Reading Vocabulary

Created by oreillyj 

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55 terms

antonym

word that means the oppostie of another word

context

other words in a sentence or passage which help you figure out the meaning

dialect

the way people in a particular area or place speak EX: y'all instead of you

jargon

language or special terminology used by a particular group of people, often related to their work EX: medical terms used by people working in medical field

genre

form of writing EX: poem, short story

literal

having the precise, stated meaning of a word

non-literal

not having the exact, stated meaning of a word EX: He is driving me up a wall.

prefix

a syllable (or several syllables) at the beginning of a word which changes its meaning

root

the word base

scan

to review a passage quickly looking for key information

skim

to read quickly for the main idea of a passage

specialized vocabulary

terms which refer to a certain content area

strategy

a plan

suffix

a syllable (or several syllables) at the end of a word which changes its meaning or part of speech

synonym

A word having the asmae meaning, or nearly the same meaning, as another word

abstract term

an expression which is hard to understand because it cannot be defined

characterization

developing a character in a story by describing appearance, revealing thoughts, or letting the character speak

conclusion

a decision you reach based upon what you have read and learned

concrete terms

expressions which have exact, precise meanings EX: a 76-story building, half past midnight

connotation

suggested meaning of an expression EX: a well-worn armchair could be comfort

denotation

the direct, specific meaning of an expression EX: well-worn armchair is simply a shabby piece of furniture

generalization

broad overall statement concerning a particular topic

inference

an educated guess based on the clues the author has planted

information

facts, data; the things you need to know

key idea

the idea that the author is chiefly interested in supporting

loaded words

words which are meant to appeal to your emotions, or carry with them multiple meanings that are meant to influence your opinion EX: cigarettes "cancer sticks"

main idea

the most important idea that is supported by the rest of the paragraph or passage

plot

main events in a story; what happened to whom and in what order

point of view

perspective from which the story is presented

prediction

an assumption you make about what will logically happen next

setting

time and place of action in a story

theme

the big idea of a story which connects the character, setting, and plot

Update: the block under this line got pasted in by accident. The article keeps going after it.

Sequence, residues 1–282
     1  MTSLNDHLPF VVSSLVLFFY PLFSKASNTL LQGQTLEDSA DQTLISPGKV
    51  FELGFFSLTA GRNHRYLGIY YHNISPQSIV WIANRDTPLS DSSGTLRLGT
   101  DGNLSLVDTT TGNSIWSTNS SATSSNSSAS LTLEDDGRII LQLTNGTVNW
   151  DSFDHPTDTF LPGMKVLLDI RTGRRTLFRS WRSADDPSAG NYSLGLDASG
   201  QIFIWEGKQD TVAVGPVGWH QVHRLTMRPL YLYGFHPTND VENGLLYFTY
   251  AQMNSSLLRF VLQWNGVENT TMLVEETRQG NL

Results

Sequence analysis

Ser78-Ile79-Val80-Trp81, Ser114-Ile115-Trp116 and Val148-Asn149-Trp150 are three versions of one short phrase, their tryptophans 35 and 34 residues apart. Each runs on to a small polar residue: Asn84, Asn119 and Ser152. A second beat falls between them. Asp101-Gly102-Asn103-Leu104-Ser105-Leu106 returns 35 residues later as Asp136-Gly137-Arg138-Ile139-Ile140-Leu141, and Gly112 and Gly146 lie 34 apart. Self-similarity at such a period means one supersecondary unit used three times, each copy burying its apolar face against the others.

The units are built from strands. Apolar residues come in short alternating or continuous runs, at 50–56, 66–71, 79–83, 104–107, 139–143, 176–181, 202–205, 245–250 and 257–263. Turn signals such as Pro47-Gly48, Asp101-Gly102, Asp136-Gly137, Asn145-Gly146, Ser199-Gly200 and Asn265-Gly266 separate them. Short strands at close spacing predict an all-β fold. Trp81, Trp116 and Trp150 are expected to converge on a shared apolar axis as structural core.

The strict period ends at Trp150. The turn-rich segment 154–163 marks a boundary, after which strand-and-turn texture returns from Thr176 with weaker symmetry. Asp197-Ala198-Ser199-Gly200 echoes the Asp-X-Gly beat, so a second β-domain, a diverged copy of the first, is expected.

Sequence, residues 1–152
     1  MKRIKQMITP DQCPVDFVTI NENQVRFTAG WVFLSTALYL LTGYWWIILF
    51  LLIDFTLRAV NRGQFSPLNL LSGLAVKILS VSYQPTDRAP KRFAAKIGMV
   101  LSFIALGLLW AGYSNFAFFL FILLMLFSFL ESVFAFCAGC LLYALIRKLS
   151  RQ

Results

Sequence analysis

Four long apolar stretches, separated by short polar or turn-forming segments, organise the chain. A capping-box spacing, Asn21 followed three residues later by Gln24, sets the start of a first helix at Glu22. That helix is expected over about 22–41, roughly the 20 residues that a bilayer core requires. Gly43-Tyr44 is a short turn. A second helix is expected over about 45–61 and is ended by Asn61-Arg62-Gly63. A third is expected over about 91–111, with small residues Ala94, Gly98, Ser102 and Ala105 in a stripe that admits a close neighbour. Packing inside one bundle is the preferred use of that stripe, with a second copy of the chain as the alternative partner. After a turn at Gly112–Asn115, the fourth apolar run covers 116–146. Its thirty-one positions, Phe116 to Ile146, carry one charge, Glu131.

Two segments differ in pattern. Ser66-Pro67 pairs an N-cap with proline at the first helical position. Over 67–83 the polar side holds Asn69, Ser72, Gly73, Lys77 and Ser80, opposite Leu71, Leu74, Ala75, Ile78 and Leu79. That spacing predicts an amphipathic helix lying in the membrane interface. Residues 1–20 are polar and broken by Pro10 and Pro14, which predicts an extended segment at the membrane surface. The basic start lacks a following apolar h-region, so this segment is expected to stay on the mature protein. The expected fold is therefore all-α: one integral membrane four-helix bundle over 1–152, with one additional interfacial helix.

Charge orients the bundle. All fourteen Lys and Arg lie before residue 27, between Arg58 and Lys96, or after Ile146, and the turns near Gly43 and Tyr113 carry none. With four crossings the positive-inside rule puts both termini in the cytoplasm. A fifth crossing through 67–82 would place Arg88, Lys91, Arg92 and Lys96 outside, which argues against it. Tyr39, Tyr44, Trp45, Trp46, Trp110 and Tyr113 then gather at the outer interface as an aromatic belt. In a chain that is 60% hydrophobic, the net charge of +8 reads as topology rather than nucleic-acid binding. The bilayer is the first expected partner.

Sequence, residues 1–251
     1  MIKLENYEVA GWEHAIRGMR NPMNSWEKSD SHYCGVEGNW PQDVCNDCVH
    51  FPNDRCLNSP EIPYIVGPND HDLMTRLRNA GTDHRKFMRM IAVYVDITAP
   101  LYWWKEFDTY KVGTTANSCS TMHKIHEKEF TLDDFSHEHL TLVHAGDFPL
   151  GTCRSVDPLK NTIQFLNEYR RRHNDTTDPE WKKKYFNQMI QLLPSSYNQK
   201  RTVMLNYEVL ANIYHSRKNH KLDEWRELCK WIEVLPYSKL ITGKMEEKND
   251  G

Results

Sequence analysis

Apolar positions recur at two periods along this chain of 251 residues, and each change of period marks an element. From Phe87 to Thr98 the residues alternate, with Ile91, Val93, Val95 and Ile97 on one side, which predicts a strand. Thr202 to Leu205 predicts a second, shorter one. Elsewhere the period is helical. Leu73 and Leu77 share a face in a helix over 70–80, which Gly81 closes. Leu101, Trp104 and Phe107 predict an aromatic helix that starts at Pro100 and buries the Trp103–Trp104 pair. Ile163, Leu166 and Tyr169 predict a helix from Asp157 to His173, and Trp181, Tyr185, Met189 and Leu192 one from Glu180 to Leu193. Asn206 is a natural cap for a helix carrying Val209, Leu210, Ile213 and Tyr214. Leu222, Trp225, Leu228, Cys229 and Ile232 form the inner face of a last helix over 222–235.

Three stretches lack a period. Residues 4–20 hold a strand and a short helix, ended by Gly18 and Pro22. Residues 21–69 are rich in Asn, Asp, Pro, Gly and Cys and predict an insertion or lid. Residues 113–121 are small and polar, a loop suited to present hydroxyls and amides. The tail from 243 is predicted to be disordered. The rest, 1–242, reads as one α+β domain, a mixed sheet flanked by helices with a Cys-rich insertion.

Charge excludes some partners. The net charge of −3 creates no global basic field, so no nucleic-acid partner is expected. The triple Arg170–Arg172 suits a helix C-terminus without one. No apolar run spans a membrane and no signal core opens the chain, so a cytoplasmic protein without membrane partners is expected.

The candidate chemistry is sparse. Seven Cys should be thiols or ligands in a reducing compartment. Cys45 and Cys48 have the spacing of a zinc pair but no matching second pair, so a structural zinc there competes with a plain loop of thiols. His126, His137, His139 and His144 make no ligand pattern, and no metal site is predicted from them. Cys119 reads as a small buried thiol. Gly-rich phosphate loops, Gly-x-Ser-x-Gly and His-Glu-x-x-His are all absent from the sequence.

allusion

reference to something else EX: A character might say she was ready to build an Ark after the rain.

argument

a logical series of statements leading from a premise to a conclusion

author's purpose

the intentional message a writer wants to convey to readers; why the author is writing this

bandwagon

persuasion which claims that something is attracting growing support EX: "Everybody's doing it"

conflict

the problem a character in a story faces

details

small,but important, bits of information

emotional appeal

persuasion aimed at your feelings

ethical appeal

persuasion aimed at your sense of wanting to do what is right, fair, or honest

expert opinion

persuasion which includes the words of someone who is considered to be an authority on the subject

fact

something that is true

informative passage

an excerpt which is written to provide facts, data, and things you need to know

logical appeal

a persuasive attempt aimed at your ability to reason and make judgment

motivation

the reasons that people or characters act as they do

opinion

a belief, which may or may not be based on fact

personal attack

persuasive technique which aims its attack at an individual's private life

persuasive passage

an excerpt which is written to convince or change the reader's mind

propaganda

information designed to promote a cause or spread an idea, and usually to damage the opposing side

repetition

saying something over and over in an attempt to persuade

rhetorical question

a stated question that is not really intended to be answered but is asked to make a point

testimonial

a persuasive statement in which you explain the benefits you have received

text-to-self

relating the text to your own life experiences

text-to-text

connecting common themes between texts

text-to-world

relating the text to real world issues

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